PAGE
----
Markets finally got a reminder that Donald Trump hasn’t forgotten his promise to boost spending and slash taxes, but that may not be enough to revitalize one of the more resilient reflation trades his win inspired.
In recent days, BlackRock Inc. Chief Executive Larry Fink and economists at Goldman Sachs have raised doubts on how fast any pro-growth policies like infrastructure spending, tax cuts and deregulation might materialize -- or whether the net effect of the policies will even be beneficial.
While U.S. stocks rose to records, the dollar jumped and Treasuries fell after Trump said Thursday that details on tax cuts would emerge within weeks, market-based measures of inflation expectations -- derived from the difference between yields on Treasuries and their inflation-protected brethren -- are trending lower.
“For the markets, the honeymoon is starting to end with Trump,” said Thomas Simons, senior economist at Jefferies LLC in New York. “We need to see something real -- we can’t just continue to base current pricing on some nebulous fiscal policy we don’t have any details on."
In the Federal Reserve’s statement on Feb. 1, officials deemed these market-based measures of inflation compensation "still low" despite the post-election run-up, implying any retreat in break-evens would be an argument against a meaningful acceleration in the pace of rate hikes.
In a sign of just how desperate the market is for information, break-evens pared declines after Trump told airline executives he’d have an announcement about a “phenomenal” tax plan within weeks.
That may not be enough. Trump’s proposals weren’t the only thing bolstering break-evens in late 2016. Higher commodity prices, buoyant data world-wide and firming wage growth will need to pick up the slack to jolt break-evens out of their plateau.
Favorable Crude Comps
An early progress report on the agreement between OPEC and non-OPEC nations to limit crude production will come on Friday and Monday, when the International Energy Agency and OPEC publish their monthly reports.
Two-year break-evens have shown a much stronger connection to daily movements in the front-month West Texas Intermediate contract than their counterparts at the five-year or 10-year maturities.
While this speaks to the importance of crude prices, it also casts doubt on the sustainability of pricing pressures once base effects fade. Gasoline prices are up more than 30 percent year-on-year, according to Bespoke Investment Group, their fastest advance since September 2011.
"Strong growth reported in U.S. shale production and the rig count rising lends support to the perspective that crude is probably range-bound for the next couple of years," said David Doyle, North American economist at Macquarie Capital Markets Ltd. "So that positive force that has been pushing break-evens higher looks to be stalling out a little bit here, and is no longer there as a big catalyst for a move higher."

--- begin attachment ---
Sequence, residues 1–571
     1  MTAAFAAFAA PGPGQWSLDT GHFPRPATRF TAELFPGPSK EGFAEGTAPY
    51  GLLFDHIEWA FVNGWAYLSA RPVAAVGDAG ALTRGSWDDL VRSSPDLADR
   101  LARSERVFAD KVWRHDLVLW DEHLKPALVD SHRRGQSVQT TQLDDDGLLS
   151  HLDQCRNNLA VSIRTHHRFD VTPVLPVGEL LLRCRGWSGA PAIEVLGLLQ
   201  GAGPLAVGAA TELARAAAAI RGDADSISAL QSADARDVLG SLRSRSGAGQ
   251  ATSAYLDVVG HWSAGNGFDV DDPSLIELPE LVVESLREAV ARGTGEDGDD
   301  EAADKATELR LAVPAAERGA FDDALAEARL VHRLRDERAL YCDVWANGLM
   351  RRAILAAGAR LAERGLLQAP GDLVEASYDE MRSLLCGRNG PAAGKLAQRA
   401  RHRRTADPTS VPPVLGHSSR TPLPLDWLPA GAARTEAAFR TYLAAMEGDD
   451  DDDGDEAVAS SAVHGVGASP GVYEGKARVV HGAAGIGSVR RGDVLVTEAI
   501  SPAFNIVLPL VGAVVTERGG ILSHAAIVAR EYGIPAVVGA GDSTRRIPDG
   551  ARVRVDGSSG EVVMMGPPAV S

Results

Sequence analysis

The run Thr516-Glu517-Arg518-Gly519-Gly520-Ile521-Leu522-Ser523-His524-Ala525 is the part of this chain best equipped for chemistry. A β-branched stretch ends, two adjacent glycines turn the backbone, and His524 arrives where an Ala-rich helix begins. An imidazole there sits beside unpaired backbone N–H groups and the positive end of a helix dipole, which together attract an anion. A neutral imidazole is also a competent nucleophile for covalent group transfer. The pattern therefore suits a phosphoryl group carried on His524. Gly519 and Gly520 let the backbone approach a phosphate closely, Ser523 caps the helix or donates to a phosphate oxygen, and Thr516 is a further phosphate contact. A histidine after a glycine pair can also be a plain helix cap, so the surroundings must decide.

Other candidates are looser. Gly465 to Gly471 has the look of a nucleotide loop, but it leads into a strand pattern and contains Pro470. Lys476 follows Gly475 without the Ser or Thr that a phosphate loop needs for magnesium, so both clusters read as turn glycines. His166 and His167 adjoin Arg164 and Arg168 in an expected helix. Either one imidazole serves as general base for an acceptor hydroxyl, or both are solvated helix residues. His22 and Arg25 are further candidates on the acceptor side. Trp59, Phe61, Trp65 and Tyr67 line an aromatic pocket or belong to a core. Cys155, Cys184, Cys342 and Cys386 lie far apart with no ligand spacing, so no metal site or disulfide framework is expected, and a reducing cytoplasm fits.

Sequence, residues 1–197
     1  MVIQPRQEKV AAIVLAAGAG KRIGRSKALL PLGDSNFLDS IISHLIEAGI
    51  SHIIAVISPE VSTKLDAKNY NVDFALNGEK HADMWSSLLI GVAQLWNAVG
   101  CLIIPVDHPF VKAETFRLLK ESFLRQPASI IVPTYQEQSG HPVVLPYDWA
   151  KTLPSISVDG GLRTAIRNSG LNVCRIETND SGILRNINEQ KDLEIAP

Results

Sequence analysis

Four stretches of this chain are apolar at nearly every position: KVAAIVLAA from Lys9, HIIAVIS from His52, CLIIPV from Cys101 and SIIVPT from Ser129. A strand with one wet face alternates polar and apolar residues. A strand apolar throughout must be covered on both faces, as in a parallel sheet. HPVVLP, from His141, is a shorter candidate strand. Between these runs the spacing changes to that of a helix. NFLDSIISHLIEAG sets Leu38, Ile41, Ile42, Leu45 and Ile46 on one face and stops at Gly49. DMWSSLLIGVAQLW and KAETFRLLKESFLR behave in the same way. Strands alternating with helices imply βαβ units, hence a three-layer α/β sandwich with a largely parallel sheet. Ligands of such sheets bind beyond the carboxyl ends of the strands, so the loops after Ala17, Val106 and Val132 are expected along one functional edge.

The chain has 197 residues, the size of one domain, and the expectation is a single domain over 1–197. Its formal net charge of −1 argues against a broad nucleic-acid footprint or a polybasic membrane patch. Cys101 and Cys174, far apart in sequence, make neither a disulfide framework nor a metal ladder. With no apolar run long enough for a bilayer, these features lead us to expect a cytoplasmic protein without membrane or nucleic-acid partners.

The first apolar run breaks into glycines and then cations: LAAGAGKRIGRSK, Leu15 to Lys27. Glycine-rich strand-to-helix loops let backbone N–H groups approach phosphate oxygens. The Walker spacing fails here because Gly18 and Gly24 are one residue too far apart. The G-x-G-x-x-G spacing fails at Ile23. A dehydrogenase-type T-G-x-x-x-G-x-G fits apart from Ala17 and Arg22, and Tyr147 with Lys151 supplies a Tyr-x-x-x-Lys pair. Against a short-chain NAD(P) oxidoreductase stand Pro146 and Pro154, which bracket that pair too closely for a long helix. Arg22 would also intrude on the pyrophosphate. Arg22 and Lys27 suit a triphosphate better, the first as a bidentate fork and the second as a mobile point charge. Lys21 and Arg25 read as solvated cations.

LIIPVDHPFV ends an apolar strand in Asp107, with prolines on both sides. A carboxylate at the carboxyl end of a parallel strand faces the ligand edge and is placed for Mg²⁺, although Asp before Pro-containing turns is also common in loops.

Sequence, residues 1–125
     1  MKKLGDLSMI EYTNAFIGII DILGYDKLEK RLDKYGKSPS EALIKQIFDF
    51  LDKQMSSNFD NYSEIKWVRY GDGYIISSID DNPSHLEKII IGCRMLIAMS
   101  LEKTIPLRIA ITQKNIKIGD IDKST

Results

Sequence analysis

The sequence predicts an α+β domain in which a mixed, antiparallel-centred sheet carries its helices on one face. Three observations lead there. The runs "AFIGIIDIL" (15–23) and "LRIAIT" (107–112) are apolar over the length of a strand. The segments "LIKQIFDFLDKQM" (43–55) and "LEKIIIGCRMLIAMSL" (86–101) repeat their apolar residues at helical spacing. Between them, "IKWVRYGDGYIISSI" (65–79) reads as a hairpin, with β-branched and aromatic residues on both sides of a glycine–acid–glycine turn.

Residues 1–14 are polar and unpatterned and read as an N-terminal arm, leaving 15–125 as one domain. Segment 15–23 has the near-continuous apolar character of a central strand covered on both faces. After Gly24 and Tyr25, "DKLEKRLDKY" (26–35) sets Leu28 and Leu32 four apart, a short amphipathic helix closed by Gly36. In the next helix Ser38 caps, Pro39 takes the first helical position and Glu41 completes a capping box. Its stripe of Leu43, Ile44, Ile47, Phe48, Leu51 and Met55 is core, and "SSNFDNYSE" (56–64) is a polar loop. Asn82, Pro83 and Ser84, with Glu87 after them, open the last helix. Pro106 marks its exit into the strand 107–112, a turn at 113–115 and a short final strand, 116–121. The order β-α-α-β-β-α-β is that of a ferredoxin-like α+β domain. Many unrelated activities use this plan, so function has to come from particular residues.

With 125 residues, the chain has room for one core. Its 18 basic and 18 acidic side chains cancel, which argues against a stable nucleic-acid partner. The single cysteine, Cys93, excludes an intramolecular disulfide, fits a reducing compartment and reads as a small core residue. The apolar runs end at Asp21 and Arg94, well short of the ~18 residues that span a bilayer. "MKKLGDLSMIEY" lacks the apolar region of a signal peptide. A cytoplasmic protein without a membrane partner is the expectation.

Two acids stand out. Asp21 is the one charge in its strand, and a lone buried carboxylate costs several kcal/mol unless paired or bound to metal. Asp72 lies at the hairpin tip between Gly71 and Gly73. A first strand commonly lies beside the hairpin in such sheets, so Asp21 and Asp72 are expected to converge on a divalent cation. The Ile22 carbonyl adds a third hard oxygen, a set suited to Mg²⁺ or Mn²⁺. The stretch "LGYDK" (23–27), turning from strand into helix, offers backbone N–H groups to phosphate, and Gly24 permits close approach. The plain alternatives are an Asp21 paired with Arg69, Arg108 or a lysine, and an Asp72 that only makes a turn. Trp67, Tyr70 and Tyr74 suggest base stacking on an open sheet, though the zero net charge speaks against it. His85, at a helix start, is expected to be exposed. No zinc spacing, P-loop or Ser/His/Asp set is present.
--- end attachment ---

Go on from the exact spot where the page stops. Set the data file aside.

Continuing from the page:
Right before the U.S. election, economic surprise indexes from a host of advanced economies and emerging markets broke into positive territory, a testament to the global underpinnings of the reflation trade.
But these surprise indexes are mean-reverting -- and their fluctuations tend to be driven more by changing expectations than data. While still solidly above zero, Citigroup Inc.’s surprise indexes for G10 economies and the emerging markets have shown signs of rolling over in recent weeks.
Most importantly for break-evens, however, is evidence from leading indicators that economic growth is poised to accelerate.
“At 2.3 percent, 2017 growth estimates are basically where they were last summer, even though growth has been stronger than 2.3 percent since then,” said Neil Dutta, head of U.S. economics at Renaissance Macro Research. “So, I wonder if the consensus continues to revise up growth and we have more of a goldilocks-type environment, which could mean higher real yields, but leaving the cyclical bent in stocks intact.”
Pay Gains Slow
Meanwhile, despite continued strong job growth, three major indicators of wage pressures are suggesting that the labor market isn’t overheating in a manner that puts the U.S. economy on the verge of a cost led inflationary spiral.
"These are three classic wage tightness indicators that you can look to and say OK, things aren’t running so hot," said George Pearkes, macro strategist at Bespoke Investment Group. "Wages are a balance of supply and demand -- and I don’t think labor demand is in much trouble, but labor supply may have jumped up a little bit."
The sideways trend in the labor force participation rate and drop-off in the quits rate are two more elements that make the outlook for wage growth less robust than it was six months ago, Pearkes added.
"This is ironic, given how much other inflation indicators have moved," he said.
SOURCE: www.bloomberg.com | LAST UPDATED: 11-February-2017 at 6:31 AM UTC